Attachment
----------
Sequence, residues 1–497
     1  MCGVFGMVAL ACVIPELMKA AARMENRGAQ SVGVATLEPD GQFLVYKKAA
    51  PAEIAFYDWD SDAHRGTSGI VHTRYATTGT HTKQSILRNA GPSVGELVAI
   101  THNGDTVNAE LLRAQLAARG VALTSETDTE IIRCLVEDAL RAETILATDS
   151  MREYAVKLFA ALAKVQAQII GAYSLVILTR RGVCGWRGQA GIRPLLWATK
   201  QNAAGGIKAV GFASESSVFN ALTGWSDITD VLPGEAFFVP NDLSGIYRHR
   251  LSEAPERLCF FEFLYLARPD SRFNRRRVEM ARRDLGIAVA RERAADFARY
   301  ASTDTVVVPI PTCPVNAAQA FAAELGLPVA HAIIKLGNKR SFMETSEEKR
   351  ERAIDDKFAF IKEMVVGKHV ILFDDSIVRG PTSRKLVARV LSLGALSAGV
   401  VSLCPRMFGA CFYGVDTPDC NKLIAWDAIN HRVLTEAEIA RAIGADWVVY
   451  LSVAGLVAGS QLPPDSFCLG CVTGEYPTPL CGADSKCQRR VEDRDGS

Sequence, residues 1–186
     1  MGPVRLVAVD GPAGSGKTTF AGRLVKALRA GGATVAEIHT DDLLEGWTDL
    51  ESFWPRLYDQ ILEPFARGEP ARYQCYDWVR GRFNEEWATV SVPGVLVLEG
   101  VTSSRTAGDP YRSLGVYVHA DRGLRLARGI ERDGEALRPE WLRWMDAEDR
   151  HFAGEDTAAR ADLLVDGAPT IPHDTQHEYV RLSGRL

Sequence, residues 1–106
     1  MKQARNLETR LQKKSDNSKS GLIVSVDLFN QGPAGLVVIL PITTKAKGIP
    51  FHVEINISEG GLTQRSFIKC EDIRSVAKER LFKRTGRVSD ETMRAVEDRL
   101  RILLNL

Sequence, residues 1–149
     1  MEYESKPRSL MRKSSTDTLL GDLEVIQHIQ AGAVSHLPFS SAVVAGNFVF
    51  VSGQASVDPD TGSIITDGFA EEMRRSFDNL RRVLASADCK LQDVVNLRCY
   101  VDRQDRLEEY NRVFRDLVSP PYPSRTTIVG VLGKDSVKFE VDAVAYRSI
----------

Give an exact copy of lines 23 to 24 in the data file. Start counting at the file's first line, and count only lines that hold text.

    51  VSGQASVDPD TGSIITDGFA EEMRRSFDNL RRVLASADCK LQDVVNLRCY
   101  VDRQDRLEEY NRVFRDLVSP PYPSRTTIVG VLGKDSVKFE VDAVAYRSI